Monthly Spiritual, March 2007






            How do we see Christ in relation to penance? He had no need of conversion, of metanoia. He emptied himself and took on the form of a slave. He became like us in all things except sin. Though he was always turned towards his heavenly Father, he chose the way of renunciation and suffering, he accepted what was inseparable from the limitations of our human nature, and thus he overcame the powers of evil and transformed the tree of man's shame into the tree of victory.


            St. Augustine puts these words into the mouth of Christ: "I have given you an example. I was hungry, I was thirsty, I was tired, I slept, I was taken prisoner, I was beaten, I was crucified, I was killed. I have spurned all earthly goods to show that they ought to be spurned. I have put up with all earthly evils which I commanded people to put up with...I who created all things became poor too: so that no one who would believe in me would dare to accept praise for earthly riches. I did not want men to make me king, because with humility I was pointing out the path to the lowly, whom pride would have separated from me."     


            While Christ did not have to "turn away from sin" as we do because of our sinfulness, he eagerly embraced the cross and all the suffering it entailed. "I have a baptism with which I am to be baptized, and how I desire that it be accomplished." When he told his apostles that he must suffer and die, Peter said: "Lord, be it far from you”. Jesus replied: "Get behind me Satan, you are a scandal to me, because you saviour not the things that are of God, but the things that are of men."


            St. Paul tells us,"If you live according to the flesh, you shall die: but if by the Spirit you mortify the deeds of the flesh, you shall live." Only on condition that we are made "conformable to the image of his Son, will the Father receive us into life. This means participating in the Passion of Christ, submitting ourselves voluntarily to the discipline of suffering. This is an important part of our conversion, of our life of penance.


            The Passion of Christ is an appeal for co-operation: "I looked for one who would grieve together with me, but there was none", said the prophet. Though few respond, the appeal goes out to many. Penance means putting off the old self and being renewed in the spirit of our mind, and this means sharing in the Passion of Christ. St. Paul says: "If we suffer with Christ, we shall also be glorified with Christ." And he adds: "I will fill up those things that are wanting of the sufferings of Christ in my flesh, for his body, which is the Church."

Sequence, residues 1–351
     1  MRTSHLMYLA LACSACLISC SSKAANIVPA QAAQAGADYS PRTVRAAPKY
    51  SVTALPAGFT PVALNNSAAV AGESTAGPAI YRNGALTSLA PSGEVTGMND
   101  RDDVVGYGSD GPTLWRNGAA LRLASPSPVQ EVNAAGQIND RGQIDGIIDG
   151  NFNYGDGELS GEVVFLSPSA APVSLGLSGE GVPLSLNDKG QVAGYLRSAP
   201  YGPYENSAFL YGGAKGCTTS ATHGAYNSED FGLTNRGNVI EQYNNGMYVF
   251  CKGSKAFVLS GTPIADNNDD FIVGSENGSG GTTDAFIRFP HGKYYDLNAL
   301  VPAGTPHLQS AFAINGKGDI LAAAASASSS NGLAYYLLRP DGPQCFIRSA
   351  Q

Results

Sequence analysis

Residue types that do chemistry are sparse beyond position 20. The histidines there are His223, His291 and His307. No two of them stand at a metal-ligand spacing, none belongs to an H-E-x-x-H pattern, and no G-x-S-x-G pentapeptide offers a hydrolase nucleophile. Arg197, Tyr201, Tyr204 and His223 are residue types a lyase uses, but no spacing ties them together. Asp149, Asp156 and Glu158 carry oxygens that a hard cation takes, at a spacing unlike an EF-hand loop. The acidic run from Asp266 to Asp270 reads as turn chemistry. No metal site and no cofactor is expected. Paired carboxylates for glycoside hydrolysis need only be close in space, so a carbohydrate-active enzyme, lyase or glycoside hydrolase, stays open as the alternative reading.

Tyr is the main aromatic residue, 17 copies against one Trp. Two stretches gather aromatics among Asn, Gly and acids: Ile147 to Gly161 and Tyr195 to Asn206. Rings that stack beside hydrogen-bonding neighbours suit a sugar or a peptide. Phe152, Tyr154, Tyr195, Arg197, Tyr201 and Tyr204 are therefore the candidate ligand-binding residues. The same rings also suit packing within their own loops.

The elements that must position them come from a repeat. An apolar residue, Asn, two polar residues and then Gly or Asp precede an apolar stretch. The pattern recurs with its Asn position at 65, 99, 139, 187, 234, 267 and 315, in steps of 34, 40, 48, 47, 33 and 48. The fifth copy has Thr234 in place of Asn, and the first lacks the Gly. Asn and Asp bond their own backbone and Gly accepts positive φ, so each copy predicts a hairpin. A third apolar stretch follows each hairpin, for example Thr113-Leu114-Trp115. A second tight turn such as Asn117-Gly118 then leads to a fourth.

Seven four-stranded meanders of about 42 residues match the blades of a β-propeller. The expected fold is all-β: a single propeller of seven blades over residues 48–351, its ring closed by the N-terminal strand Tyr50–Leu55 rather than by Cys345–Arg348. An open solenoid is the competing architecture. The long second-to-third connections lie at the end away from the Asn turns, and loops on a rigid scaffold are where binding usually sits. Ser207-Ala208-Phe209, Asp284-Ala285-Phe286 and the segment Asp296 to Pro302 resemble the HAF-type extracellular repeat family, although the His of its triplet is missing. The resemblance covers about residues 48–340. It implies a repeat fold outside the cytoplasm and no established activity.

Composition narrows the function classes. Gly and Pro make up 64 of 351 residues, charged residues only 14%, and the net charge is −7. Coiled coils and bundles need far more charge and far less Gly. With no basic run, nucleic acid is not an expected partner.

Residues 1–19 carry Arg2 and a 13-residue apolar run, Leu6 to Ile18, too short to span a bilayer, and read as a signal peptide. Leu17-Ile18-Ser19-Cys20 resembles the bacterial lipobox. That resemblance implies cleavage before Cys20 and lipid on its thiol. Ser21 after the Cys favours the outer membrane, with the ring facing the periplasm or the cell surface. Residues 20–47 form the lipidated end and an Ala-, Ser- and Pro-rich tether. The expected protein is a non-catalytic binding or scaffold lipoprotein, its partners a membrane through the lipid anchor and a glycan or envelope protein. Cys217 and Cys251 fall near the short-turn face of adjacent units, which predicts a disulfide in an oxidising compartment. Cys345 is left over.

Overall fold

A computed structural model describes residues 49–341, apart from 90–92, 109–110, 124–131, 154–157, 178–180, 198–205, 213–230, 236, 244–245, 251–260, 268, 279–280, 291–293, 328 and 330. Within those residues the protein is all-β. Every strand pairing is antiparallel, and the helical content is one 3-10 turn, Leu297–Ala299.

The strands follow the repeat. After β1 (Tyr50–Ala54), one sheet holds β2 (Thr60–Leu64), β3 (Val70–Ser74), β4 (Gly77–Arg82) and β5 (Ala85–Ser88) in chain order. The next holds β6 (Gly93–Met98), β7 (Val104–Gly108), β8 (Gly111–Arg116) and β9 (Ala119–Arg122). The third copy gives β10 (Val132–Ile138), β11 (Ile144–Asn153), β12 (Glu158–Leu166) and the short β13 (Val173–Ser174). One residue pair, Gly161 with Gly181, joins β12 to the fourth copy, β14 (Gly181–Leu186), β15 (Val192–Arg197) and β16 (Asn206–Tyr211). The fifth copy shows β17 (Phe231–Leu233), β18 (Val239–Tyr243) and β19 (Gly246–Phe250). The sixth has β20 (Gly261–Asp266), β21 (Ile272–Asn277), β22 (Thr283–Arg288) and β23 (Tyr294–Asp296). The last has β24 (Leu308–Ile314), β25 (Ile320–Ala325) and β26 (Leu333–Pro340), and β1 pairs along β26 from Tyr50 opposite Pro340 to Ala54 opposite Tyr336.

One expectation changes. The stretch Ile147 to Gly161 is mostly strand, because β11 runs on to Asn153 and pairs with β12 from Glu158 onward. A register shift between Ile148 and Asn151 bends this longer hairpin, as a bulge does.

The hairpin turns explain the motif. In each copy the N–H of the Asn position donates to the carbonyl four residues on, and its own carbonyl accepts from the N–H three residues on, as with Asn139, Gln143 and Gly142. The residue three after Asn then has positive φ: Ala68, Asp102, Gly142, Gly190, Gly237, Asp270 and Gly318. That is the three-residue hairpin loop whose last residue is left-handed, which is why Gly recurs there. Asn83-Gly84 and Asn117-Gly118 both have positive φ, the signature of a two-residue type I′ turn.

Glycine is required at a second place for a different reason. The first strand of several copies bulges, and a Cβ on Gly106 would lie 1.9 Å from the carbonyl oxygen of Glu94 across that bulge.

Is something wanting to the sufferings of Christ? No. But to understand the mystery of Christ, we cannot separate him from his Body which is the Church, the People of God. Although all was accomplished in him, our Head, it must now be accomplished in us, the members. He wills to continue his Passion in us, so that we may be associated with him in the work of redemption. Jesus, who could have accomplished his work alone, willed to need us, in order to apply and extend his merits to the whole world.


            Penance, suffering, is a means of being assimilated to Christ crucified, in order to reproduce and prolong his Passion in our own body! "Love makes similitude and equality." One who truly loves has a spontaneous desire to share in the sufferings of the loved one. St. Mary Magdalen of Pazzi says: "It is not fitting to be a delicate member of a Head with thorns and crucified....... nor the unmortified bride of a suffering Spouse."..."God forbid that I should glory, save in the cross of our Lord Jesus Christ, by whom the world is crucified to me, and I to the world" (St.Paul).


            Leaving out the Passion, suffering is an evil, not a good. But taking into account the sufferings of Christ - the foundation and principle of Christian penance and suffering - then suffering is of infinite value. Suffering may not be wasted. It should be gathered up and offered in union with the Passion of Christ. This applies especially to the many difficulties and pains of life which come unbidden, unexpectedly, and which we would never seek ourselves. They are invitations to share in Christ's sufferings, and to turn more completely to him in faith and love.


Carmel Flora OFMCap

National Spiritual Assistant SFO - Oceania




Regional Ministers are requested to distribute this Monthly Messageto all Local Fraternities  in the Regional Fraternity.